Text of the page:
It may be asked here, by way of objection, why man does not fully utilise the chances offered him of increasing the technical result by the technical knowledge he has at the moment. The common explanation runs—from want of capital. With the limited amount of capital at his disposal man can only utilise those chances of employment, among the infinite number of remunerative ones, which are most remunerative, and a great number of less, but still remunerative, employments must be passed over. This explanation is not quite exact, but it is at least right in the main contention. We may therefore be content with it until, in another connection, we can examine the matter with perfect accuracy.
Der isolirte Staat, third edition, part ii. div. i. p. 97. See particularly the table on p. 101.
For instance by Roscher, Grundlagen, § 183; by Mangoldt, Volkswirthschaftslehre, 1868, p. 432; by Mithoff in Schönberg's Handbuch, second edition, p. 663, and by many others. Jevons independently adopted quite similar views, Theory of Political Economy, second edition, p. 277.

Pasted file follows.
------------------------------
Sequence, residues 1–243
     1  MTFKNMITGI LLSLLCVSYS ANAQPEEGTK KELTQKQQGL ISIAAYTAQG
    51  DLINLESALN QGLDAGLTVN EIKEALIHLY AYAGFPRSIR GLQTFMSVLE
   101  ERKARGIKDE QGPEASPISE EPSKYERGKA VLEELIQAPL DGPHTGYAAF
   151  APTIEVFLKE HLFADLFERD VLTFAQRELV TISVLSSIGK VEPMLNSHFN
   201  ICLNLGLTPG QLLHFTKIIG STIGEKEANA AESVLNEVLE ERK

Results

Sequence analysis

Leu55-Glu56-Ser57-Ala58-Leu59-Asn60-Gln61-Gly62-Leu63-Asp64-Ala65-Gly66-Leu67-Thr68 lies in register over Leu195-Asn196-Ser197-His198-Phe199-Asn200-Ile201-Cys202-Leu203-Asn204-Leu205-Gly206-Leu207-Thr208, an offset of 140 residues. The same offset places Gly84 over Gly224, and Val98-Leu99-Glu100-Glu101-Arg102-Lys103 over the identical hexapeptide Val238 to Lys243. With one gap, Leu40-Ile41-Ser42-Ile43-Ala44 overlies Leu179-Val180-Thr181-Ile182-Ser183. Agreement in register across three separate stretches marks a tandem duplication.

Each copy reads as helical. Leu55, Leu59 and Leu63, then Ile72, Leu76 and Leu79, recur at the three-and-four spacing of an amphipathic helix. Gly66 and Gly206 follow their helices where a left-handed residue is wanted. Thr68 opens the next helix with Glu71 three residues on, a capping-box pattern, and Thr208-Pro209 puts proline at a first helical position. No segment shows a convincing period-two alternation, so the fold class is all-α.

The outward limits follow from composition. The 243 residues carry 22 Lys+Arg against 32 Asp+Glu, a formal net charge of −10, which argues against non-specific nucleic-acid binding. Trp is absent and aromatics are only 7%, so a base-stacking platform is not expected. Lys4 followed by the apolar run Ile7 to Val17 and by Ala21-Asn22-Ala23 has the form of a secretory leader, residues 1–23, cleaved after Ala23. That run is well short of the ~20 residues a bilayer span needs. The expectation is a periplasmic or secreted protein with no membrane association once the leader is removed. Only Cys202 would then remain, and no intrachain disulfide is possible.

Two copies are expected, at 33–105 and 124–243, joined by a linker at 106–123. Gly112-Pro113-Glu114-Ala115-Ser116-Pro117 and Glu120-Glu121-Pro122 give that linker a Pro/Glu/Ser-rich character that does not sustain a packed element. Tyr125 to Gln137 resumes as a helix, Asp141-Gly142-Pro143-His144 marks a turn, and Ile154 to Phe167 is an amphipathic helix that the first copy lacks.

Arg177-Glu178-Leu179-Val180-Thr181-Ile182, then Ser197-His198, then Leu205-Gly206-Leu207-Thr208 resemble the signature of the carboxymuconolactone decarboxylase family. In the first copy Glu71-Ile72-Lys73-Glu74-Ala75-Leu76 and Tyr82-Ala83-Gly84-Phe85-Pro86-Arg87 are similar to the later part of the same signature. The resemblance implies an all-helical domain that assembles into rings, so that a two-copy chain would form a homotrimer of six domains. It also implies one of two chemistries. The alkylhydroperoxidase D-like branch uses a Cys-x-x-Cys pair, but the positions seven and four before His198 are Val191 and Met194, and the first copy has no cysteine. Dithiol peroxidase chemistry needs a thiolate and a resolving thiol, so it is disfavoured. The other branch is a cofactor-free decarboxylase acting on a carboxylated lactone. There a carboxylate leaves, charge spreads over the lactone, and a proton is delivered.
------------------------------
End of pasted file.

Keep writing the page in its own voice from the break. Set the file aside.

In particular the "physical" or "technical productivity," which is founded on these facts (that is, the circumstance that by the assistance of capital more products can be produced than without it), was confused with a "value productivity" (that is, a pretended power of capital to produce more value than it itself possesses). See my Capital and Interest, pp. 112, 131.
Das Kapital, p. 236.